‘I love his progression’ – Wood flourishing for Pistons as opportunity arises

Christian Wood
Seven of Christian Wood’s nine 20-point outings this season have come in the last 15 Pistons games
Sam Forencich (NBAE/Getty)
by Keith Langlois
Web Editor

PORTLAND – Christian Wood has played more than twice as many minutes for the Pistons this season as he did in his first three NBA seasons – and feel free to put seasons in quotes, because he was never in one spot for a full season before this year – and by the time it’s over he’ll likely have more than tripled his previous career total.

And then it will be a most telling summer for Wood, who’ll be an unrestricted free agent taking a very unusual resume to the marketplace.

But if he finishes the final 23 games on the same upward ascendancy that has marked his season – going from outside the rotation to spotty impact play to a suddenly burgeoning consistency – then Wood will be one of the most intriguing players of the Pistons off-season puzzle.

Coming off of a 26-point, nine-rebound outing in Sunday’s 107-104 loss at Portland, Wood has now scored in double figures in a season-high nine games. Over that time, he’s averaging 19.2 points and 8.9 rebounds in 30 minutes a game while shooting 53.5 percent overall and 40.5 percent from the 3-point arc. Seven of his nine 20-point outings have come in the last 15 games.

“He’s growing right before our eyes,” Dwane Casey said after Sunday’s powerful showing. “I love his progression.”

Wood has been coming off the bench of late and while it’s hard to argue that it’s tamped down his production, it shouldn’t surprise anyone if he’s a starter when the Pistons play at Denver on Tuesday. While Wood likes to say he plays with a chip on his shoulder and credits his reserve status with helping keep that chip in place, he also lobbied to start in Sunday’s postgame locker room.

“I think I’ve earned the right to start,” he said. “I feel like I’ve played well this season. I feel like I want to start and I’m ready. When the opportunity presents itself, I’ll be ready. But I can only control what I can control. I trust Casey’s decision.”

The Pistons have gotten off to dreadful starts in their two games since the All-Star break, trailing Milwaukee 27-13 after 10 minutes and falling behind Portland 30-11 after eight minutes. Wood’s scoring punch and all-around production is getting harder to ignore.

The old saying about the game slowing down for young players as they gain experience is hard to quantify but easy to spot and that’s what has appeared to have happened for Wood of late.

“I think that’s definitely happened for me,” he said. “I think sets, plays, defense slowed down for me. I think I’m doing a better job defensively from what I was doing in the beginning of the season. This is my first time playing this many games. It’s just game reps and I’m figuring it out. I think I’ve figured it out. I’m ready for anything that comes my way.”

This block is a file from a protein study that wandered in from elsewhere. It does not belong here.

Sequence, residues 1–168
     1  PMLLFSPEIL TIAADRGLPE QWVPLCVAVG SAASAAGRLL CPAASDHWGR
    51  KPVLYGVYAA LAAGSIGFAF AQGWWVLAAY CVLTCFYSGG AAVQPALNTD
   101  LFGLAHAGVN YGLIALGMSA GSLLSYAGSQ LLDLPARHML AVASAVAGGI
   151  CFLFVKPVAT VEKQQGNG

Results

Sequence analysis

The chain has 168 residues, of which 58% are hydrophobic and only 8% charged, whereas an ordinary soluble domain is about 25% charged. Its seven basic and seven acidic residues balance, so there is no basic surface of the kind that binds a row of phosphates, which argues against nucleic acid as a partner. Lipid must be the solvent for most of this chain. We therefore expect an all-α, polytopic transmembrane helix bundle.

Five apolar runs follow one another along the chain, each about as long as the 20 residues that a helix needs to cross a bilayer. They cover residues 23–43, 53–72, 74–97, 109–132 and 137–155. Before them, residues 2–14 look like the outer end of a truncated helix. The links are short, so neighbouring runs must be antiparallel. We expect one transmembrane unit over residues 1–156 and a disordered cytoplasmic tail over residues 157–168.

The most experienced Piston, Derrick Rose, has seen Wood turn a corner with the experience he’s soaked up over the course of the season.

“C-Wood’s been great,” Rose said. “In the spot I’m in, just seeing how young players want to play and getting a chance to be around him, he wants the opportunity to go out here and show that he can hoop. He’s showing that. He has to be able to play through his mistakes and just learn from them.”

Casey has been both a big proponent of Wood’s – pushing for him to make the team out of training camp when he was there on a non-guaranteed contract – and a taskmaster in holding him accountable when lapses in focus led to defensive gaffes or missed assignments. Even before roster turnover created a greater need for Wood to play, Casey had granted Wood the greater latitude that comes with increased productivity.

But he’s not about to stop pushing Wood to maximize his scintillating potential.

“He’s not a finished product yet,” Casey said. “Christian’s got to get stronger. This summer, he’s got to get in the weight room and make sure he gets stronger. Not as far as bulky, but get his core strength together where he can take some bumps and hits. He’s getting bumped now and still scoring, so you can imagine how much better he can be once he does get his core stronger and his upper body stronger.”

Wood exuded supreme confidence in himself long before he’d cemented his spot in Casey’s rotation, but sees that he’s a different player today than he was in September, knitting together his highlight-reel moments now with steady play that was often missing back then.

“I came really far,” he said. “I went from the 15th man on the roster to now playing big minutes and a rotation guy. I’m happy to be here, I’m enjoying this opportunity and I’m going to keep playing with a chip on my shoulder and keep playing with heart.”

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